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More than 250 people stood together on the beach at the Fort Fisher State Recreation Area Wednesday waiting for a special guest to emerge from a park ranger truck. Members of the Animal Care Team at the North Carolina Aquarium at Fort Fisher maneuvered and lifted their charge from the truck bed and carried it closer to the shore.

With only yards to go, the 120-pound loggerhead sea turtle was placed on the sand. Sensing its proximity to the water, it made tracks toward the ocean, strong and healthy. Cheers rang out from the crowd as the turtle met the surf and disappeared into the Atlantic, returning home after months of rehabilitation.

The loggerhead was found cold-stunned in the Outer Banks in December 2017. It received initial treatment for anemia, lethargy and malnourishment at the Sea Turtle Assistance and Rehabilitation (STAR) Center at the N.C. Aquarium on Roanoke Island in Manteo. In January, the animal was moved to the N.C. Aquarium at Fort Fisher for long-term care and to make room for critically-ill sea turtles at the STAR Center.

The Fort Fisher team monitored the animal’s health and diet daily, administering needed medicine and ensuring the animal gained weight as it slowly recovered. In recent weeks, the sea turtle received a thorough examination by the Aquarium’s veterinary team and was cleared for release.

“The husbandry staff has spent many hours caring for this sea turtle,” said Julie Johnson, aquarium curator, N.C. Aquarium at Fort Fisher. “Perhaps it will grow to be a nesting female, but regardless we’ve helped this animal recover and in turn helped this locally threatened species.”

Loggerhead sea turtles are threatened in North Carolina and endangered in other areas.

The loggerhead received two types of tags to assist in future identification if it were to be observed or strand in the future. One is a Passive Integrated Transponder, known as a PIT tag. This type of tag is similar to those used in the microchipping of dogs and cats and is about the size of a large grain of rice. In addition, the animal’s rear flippers were affixed with two numbered, external tags.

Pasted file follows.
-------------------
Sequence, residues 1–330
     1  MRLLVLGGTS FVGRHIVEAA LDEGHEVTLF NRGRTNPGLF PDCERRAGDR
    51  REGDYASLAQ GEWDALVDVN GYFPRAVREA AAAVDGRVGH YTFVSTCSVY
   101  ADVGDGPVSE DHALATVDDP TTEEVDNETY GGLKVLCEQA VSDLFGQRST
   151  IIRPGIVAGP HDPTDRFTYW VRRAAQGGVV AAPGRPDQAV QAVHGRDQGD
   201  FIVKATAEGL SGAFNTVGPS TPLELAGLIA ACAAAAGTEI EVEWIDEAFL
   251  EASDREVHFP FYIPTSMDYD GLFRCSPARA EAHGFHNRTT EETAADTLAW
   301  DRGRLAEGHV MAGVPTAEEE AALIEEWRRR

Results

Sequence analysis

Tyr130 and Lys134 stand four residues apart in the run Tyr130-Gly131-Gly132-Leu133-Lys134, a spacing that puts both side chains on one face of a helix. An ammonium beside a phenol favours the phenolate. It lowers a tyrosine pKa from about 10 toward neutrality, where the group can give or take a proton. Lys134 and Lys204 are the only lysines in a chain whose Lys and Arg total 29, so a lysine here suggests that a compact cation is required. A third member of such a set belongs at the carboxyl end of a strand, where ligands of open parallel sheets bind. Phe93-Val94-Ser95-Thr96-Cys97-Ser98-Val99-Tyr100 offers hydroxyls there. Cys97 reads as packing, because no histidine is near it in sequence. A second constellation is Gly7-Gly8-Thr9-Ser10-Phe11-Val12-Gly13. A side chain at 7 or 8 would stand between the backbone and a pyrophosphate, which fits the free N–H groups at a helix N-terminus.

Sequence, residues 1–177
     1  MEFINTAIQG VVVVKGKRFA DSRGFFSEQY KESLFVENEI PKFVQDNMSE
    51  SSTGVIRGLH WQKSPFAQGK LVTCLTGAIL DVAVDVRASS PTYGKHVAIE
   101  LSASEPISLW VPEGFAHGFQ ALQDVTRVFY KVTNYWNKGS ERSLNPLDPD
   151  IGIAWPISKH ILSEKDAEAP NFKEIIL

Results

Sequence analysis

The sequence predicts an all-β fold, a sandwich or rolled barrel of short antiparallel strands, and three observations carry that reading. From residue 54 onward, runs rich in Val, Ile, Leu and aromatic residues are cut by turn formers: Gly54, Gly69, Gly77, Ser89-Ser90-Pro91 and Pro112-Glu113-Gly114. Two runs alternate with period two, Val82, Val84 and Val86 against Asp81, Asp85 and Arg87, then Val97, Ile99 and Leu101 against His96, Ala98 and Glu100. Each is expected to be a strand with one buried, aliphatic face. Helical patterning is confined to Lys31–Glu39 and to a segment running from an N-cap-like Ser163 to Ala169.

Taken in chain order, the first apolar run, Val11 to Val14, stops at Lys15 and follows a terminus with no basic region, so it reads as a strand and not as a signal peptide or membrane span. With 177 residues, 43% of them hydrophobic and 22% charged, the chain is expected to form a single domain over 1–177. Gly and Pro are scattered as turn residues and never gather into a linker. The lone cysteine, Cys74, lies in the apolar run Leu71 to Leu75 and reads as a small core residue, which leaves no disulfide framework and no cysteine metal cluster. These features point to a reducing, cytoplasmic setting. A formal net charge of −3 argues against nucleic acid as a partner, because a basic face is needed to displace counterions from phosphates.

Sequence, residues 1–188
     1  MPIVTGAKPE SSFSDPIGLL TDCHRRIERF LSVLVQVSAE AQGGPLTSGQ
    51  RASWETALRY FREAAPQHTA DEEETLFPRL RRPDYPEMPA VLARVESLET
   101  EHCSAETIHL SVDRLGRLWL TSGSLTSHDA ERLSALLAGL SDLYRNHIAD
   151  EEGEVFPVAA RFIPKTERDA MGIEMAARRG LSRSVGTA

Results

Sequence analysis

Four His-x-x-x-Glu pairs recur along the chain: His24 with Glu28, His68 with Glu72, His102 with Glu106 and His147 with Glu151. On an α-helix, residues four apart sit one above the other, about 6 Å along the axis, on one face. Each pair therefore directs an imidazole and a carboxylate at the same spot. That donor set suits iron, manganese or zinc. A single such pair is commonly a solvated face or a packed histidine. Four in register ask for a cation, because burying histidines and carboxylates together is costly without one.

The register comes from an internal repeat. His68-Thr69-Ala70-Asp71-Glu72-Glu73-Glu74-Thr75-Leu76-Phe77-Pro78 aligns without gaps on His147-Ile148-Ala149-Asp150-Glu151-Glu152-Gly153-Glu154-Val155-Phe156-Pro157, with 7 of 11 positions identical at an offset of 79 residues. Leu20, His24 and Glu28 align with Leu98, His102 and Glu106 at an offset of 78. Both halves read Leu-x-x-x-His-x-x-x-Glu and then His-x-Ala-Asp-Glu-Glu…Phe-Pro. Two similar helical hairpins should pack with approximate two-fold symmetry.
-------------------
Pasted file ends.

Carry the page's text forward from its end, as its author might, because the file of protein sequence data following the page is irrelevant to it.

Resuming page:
Sea turtles are reptiles and cannot control their own body temperatures. Cold-stunning can occur when water temperatures drop quickly to below 50 degrees. Cold-stunned turtles become lethargic, experience decreased circulation and heart rates, and may die. They are susceptible to respiratory illness, animal attacks, bacterial and fungal infections. Serious cuts and abrasions may occur if the animal is washed ashore.

The aquarium, while not a traditional rehabilitation center, collaborates yearly with wildlife organizations and other aquariums to offer space and resources to care for cold-stunned sea turtles. The aquarium receives no additional funding or staff to assist in turtle care.

Anyone who finds a sick, injured or dead sea turtle should contact the N.C. Wildlife Resources Commission Sea Turtle Stranding Network at (252) 241-7367.


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